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Why even smaller enterprises should consider nation-state quality cyber defenses

Sep 11, 20174 mins
CyberattacksCybercrimeData and Information Security

Recent events are forcing smaller enterprises to reconsider their security posture.

Traditionally, there was a stratification of security requirements influenced by organization size.  These requirements imposed expenses, policies, and processes – and were often a balance between efficacy and convenience.  

Governments, for example, were often prime targets.  The government adversary is typically another nation state with deep pockets and high motivation for espionage or worse.  Governments must assume that there will be groups of professionals targeting them and security is robust. 

Some large enterprises found themselves in similar situations.  The reward for successfully compromising a financial institution is high.  Financial institutions recognize that they are attractive targets, so they create comprehensive security solutions as insulation from possible attacks.  

Smaller enterprises, such as the middle market, tend to fly under the radar believing themselves to be less attractive targets.  These organizations will often deploy just enough security to ensure they are not an easy target for the casual adversary.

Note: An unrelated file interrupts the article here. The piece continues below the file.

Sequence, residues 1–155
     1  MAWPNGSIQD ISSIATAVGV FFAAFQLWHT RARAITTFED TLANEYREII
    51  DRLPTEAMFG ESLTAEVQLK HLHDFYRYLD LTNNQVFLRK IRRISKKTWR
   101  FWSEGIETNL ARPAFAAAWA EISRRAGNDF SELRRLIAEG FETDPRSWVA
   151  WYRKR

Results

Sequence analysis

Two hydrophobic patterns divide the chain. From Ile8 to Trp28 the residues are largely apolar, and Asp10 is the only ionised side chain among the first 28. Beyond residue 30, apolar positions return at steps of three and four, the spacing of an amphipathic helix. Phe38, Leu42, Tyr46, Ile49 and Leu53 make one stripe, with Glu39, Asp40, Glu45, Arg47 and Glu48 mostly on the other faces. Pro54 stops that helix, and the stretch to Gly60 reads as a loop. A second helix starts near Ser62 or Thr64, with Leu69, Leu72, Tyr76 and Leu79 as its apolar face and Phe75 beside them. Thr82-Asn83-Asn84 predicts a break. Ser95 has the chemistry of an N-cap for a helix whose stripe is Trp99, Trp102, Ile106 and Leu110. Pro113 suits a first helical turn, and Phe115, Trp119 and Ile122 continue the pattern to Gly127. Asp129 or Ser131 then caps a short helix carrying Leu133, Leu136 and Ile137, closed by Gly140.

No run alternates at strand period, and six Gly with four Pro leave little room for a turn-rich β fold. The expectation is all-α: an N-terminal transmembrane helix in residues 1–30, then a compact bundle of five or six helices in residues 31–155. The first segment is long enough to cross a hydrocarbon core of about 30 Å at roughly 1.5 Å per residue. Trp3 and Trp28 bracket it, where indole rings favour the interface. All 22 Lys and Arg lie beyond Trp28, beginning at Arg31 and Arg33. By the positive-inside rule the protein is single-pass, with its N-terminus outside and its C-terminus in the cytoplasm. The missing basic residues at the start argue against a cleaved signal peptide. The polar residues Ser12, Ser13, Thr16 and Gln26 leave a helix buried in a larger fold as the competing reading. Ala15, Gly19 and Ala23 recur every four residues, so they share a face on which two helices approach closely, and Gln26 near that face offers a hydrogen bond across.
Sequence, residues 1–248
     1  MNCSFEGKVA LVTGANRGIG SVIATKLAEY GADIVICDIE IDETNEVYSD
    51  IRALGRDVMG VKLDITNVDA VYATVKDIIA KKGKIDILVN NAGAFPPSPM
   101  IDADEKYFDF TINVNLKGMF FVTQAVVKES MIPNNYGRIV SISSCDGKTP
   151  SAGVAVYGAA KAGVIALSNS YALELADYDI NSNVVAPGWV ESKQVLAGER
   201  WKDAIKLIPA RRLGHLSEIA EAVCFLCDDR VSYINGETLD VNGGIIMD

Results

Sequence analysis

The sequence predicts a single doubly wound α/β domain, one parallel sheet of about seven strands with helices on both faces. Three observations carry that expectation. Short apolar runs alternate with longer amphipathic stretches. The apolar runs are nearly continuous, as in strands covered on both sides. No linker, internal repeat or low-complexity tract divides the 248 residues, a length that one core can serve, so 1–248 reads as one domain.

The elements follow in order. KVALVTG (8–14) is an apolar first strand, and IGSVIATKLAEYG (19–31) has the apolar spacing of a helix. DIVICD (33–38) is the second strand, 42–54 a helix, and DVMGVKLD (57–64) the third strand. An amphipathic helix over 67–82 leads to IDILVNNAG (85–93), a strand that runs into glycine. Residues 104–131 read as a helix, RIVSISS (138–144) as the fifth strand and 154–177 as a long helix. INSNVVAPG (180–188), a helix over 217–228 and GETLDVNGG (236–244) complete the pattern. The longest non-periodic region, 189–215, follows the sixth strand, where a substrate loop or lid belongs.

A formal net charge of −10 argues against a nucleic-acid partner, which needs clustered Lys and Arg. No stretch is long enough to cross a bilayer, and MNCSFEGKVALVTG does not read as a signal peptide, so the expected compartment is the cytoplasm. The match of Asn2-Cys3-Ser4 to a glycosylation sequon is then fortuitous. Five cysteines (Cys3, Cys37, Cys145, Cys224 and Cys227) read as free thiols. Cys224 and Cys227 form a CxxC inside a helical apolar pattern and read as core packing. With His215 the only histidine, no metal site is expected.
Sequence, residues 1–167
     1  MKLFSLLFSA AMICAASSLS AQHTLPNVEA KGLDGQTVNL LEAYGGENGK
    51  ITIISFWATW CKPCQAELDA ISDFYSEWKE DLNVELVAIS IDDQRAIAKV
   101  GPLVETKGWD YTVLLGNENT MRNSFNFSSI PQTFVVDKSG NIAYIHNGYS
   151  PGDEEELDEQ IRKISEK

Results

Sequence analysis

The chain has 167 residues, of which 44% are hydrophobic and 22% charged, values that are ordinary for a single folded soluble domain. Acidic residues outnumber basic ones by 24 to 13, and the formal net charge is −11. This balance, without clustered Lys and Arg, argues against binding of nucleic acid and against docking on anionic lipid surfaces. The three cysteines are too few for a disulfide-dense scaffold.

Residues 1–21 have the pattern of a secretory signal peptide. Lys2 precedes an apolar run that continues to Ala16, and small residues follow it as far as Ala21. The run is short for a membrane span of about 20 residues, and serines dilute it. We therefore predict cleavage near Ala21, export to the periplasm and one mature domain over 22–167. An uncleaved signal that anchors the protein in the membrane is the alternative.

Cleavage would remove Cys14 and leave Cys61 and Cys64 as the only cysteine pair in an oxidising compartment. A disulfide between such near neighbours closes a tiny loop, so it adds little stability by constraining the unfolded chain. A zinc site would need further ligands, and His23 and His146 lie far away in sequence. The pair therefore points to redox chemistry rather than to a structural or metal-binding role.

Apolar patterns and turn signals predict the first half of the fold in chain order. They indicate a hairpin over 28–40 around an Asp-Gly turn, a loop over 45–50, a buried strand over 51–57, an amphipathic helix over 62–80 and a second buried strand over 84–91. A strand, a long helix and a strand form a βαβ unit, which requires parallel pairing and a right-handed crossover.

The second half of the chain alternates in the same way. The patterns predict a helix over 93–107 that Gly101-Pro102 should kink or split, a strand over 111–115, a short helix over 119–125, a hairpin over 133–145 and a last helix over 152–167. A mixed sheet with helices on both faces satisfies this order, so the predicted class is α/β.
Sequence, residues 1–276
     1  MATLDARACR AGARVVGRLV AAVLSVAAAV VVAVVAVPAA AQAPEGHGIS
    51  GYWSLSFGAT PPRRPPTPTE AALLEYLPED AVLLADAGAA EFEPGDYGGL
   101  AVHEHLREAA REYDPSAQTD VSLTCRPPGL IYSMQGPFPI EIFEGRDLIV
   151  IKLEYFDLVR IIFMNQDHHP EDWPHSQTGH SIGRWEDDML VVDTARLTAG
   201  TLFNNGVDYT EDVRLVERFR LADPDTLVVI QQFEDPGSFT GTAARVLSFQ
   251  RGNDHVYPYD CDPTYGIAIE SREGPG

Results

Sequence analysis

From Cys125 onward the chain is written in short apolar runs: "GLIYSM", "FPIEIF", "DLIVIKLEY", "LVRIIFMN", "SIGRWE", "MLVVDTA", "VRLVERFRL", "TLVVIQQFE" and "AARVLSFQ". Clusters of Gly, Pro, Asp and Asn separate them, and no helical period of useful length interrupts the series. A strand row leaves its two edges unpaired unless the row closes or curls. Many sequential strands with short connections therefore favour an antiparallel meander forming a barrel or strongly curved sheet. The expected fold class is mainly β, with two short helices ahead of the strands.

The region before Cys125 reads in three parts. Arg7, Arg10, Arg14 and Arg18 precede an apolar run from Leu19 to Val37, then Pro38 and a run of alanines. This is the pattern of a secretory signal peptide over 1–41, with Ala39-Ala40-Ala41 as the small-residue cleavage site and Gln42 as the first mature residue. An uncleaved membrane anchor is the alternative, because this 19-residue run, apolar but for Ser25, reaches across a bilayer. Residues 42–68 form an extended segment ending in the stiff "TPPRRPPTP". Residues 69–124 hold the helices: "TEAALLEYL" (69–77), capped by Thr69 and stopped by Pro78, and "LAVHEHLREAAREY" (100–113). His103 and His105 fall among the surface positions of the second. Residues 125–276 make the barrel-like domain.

Until recently, this has been a successful strategy.

Nation state capabilities for casual adversaries

The threat landscape has gradually changed for the last ten years.  In 2010, a significant new form of malware called “Stuxnet” was discovered in the wild.  Researchers determined that this malware may have been operating undetected for about five years.  Further, it used a number of previously unknown, or zero-day, exploits.

Stuxnet was developed by nation-states for use against another nation-state, but there were also unintended consequences.  The malware-infected individuals and enterprises across many countries. 

Fortunately, Stuxnet did not appear to cause damage outside its intended target. Unfortunately, future attacks would not be as discerning.

In 2017, two ransomware variants, WannaCry and Petya spread rapidly throughout Europe. These two attacks utilized an exploit called EternalBlue that was leaked from the NSA in the months prior.  

Unlike Stuxnet, this malware caused damage to the devices it infected by encrypting and destroying data. While the EternalBlue exploit was originally carefully guarded, the publicity meant it could be weaponized for larger scale attacks.  The implications are significant because this means even casual attackers can potentially tap the power of a nation-state. 

This trend is on the rise and there is no reason to believe that things will get better.  Whether an attack escapes the control of a nation-state or a carefully guarded zero-day exploit becomes public knowledge, sophisticated and devastating attacks will become more frequent and destructive.

Organizations of all sizes can be caught in the crossfire.  For the chief information security officer (CISO), the cost to the organization is the same, regardless of whether it originated as a target or was merely collateral damage. Organizations must accept the reality that a new caliber of attack is going to be more common.